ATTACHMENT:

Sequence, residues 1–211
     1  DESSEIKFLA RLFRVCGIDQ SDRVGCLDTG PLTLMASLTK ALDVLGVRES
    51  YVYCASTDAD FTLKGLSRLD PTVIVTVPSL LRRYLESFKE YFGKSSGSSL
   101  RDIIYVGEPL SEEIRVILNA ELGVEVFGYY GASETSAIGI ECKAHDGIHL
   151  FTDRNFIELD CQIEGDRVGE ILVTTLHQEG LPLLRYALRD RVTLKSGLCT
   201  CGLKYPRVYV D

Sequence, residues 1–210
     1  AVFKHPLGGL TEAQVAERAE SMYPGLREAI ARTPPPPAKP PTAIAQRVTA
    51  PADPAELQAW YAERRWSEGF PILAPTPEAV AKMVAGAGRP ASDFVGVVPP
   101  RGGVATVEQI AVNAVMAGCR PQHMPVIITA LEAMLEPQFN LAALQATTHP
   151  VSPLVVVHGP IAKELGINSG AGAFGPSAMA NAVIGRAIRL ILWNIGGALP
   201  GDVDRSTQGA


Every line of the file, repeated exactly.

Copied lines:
Sequence, residues 1–211
     1  DESSEIKFLA RLFRVCGIDQ SDRVGCLDTG PLTLMASLTK ALDVLGVRES
    51  YVYCASTDAD FTLKGLSRLD PTVIVTVPSL LRRYLESFKE YFGKSSGSSL
   101  RDIIYVGEPL SEEIRVILNA ELGVEVFGYY GASETSAIGI ECKAHDGIHL
   151  FTDRNFIELD CQIEGDRVGE ILVTTLHQEG LPLLRYALRD RVTLKSGLCT
   201  CGLKYPRVYV D

Sequence, residues 1–210
     1  AVFKHPLGGL TEAQVAERAE SMYPGLREAI ARTPPPPAKP PTAIAQRVTA
    51  PADPAELQAW YAERRWSEGF PILAPTPEAV AKMVAGAGRP ASDFVGVVPP
   101  RGGVATVEQI AVNAVMAGCR PQHMPVIITA LEAMLEPQFN LAALQATTHP
   151  VSPLVVVHGP IAKELGINSG AGAFGPSAMA NAVIGRAIRL ILWNIGGALP
   201  GDVDRSTQGA